Speed, stamina, precision and a glorious tradition. This defines the game of polo. Originating over two and a half thousand years ago on the steppes of Central Asia, polo began humbly with goal posts that were sometimes miles apart and the game continued until one team could field no more combatants. Polo fields throughout the ages served as harsh training grounds for cavalry units.
Such glorious spectacles drew crowds of spectators as well as non-military players into the sport and polo as we know it today became established around the globe. Polo played today is more formalised but it is still no less demanding of horse and player.
History of Polo
Romance, adventure, history. There is absolutely no denying that even in the present day, polo conjures up imagery that is linked to all three and more. It is the game of Kings and rightly so. From the early ages of the Book of Kings up to modern day England, our histories are rich with tales of plunder and pursuit with many a defining battle fought with Emperors or Generals on horseback. The same riders always found time to relax or play the sport. All across Asia Minor, China and the Indian sub-continent, this use of calvary swept across civilisations and strange lands, changing the fate of peoples and their history. Legend has it that to this day, somewhere along the famous Silk Route in Central Asia, lies a stone tablet beside a polo ground with the inscription:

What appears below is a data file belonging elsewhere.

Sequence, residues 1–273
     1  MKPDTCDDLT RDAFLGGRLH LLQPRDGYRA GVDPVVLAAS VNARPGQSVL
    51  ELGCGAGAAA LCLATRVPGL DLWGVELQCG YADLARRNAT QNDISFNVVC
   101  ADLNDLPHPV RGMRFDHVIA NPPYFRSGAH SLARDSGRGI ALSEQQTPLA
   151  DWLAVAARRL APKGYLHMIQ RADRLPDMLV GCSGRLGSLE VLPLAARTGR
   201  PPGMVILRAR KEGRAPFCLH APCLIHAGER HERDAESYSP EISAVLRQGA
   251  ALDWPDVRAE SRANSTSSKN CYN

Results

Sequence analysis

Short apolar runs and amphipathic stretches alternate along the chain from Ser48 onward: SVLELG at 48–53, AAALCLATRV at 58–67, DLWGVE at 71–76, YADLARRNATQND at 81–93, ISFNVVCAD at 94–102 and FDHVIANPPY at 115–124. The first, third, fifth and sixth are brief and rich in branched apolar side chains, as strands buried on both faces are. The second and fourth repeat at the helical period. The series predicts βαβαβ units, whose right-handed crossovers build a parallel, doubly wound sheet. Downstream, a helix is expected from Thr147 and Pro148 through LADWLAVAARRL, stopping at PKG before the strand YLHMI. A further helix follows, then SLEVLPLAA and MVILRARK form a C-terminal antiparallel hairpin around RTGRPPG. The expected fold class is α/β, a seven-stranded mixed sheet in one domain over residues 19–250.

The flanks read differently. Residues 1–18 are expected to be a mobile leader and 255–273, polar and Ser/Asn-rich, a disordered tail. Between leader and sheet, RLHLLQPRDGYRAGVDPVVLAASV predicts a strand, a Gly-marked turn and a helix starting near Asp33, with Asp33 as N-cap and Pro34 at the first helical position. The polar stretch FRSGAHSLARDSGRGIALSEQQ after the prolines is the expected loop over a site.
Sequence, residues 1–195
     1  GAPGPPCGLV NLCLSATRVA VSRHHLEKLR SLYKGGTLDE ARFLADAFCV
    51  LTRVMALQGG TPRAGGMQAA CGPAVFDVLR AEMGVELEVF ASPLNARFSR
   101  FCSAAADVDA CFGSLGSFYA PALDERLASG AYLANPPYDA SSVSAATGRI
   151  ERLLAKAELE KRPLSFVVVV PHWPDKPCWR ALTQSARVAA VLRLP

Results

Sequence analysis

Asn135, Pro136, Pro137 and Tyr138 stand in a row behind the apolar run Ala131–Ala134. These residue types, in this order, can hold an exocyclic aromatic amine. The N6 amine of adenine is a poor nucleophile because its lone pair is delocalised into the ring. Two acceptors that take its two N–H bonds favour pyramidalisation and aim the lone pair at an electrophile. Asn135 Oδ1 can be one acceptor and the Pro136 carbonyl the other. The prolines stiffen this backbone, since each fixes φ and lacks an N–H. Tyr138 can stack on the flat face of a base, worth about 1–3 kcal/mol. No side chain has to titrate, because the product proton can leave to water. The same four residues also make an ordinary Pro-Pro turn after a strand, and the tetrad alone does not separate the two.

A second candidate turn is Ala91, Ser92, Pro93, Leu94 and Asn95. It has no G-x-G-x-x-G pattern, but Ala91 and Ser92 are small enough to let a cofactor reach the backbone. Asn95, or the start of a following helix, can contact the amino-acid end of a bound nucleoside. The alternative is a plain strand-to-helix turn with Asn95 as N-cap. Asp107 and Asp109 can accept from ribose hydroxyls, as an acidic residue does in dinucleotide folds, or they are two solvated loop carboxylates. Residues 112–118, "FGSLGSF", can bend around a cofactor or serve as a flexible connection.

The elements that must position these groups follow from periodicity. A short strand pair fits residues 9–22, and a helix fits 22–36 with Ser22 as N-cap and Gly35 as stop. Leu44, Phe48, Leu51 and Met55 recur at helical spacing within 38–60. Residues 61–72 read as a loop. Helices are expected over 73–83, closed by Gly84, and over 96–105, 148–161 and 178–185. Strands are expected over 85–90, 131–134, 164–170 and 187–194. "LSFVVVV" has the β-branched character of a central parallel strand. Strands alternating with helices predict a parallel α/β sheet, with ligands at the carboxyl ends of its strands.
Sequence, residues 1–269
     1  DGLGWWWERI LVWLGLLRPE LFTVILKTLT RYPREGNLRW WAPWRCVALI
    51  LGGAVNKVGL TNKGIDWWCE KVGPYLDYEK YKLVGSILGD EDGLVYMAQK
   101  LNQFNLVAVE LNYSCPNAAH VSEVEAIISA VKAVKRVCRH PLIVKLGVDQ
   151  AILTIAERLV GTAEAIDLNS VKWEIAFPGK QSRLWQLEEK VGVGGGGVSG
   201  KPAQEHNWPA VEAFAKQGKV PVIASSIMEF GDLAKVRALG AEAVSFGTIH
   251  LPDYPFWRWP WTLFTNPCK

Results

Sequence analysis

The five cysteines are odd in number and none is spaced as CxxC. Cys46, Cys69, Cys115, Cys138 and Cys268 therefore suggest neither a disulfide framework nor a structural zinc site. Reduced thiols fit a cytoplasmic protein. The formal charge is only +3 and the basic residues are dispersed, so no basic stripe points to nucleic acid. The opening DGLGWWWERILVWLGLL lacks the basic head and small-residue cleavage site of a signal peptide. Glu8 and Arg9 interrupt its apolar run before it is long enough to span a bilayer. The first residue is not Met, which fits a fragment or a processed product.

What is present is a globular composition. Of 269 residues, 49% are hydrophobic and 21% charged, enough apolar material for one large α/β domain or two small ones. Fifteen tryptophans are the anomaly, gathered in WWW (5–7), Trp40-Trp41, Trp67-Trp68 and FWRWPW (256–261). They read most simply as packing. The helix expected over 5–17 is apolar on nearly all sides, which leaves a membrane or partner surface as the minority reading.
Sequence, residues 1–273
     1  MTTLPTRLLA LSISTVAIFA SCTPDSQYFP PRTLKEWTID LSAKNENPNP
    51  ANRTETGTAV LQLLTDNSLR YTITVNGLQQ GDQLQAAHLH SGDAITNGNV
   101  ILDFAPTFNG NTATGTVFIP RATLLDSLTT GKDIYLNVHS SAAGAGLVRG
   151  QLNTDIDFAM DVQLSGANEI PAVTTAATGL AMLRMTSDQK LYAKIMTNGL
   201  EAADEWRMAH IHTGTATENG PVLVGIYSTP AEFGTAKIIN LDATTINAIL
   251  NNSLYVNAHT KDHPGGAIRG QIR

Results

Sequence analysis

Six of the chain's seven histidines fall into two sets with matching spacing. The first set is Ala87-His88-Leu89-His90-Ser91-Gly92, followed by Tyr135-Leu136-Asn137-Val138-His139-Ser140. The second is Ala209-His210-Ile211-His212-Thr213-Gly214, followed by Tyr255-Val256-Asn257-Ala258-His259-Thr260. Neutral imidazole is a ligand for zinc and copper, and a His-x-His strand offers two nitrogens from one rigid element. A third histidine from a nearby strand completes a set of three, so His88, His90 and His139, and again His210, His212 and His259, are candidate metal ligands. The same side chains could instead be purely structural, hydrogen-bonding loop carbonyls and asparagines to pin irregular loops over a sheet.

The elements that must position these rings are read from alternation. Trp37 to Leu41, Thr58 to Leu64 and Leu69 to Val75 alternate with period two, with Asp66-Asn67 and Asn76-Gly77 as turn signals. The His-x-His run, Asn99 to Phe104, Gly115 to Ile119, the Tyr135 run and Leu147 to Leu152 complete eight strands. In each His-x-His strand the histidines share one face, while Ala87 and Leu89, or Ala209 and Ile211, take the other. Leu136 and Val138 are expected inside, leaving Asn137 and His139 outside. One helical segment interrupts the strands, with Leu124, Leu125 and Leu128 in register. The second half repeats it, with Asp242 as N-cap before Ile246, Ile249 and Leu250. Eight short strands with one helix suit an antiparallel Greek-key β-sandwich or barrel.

Let others play at what they will. The King of Games is still the game of Kings.
The Game of Kings
Renowned ninth century poet of Ancient Persia, Firdausi puts it best in his numerous accounts of heroism and poetry in the epic Shahnameh, where he romanticises a match between Turanian forces and Syavoushi followers. The poet is elegant in his praise of Syavoush's skills on the polo field. Firdausi also tells of Shahpour a Sassanid king of the 4th Century AD, who learnt to play polo at seven years of age.
The 9th century Persian historian, Dinvari, describes polo and its general rules and gives some instructions to players including advice such as 'polo requires a great deal of exercise', 'if the polo stick breaks during a game it is a sign of insufficiency' and 'a player should strictly avoid using strong language and should be patient and temperate' – maxims apposite perhaps even today! The 10th century Persian king Qabus also set down some general rules of polo and especially mentions the risks and dangers of the game.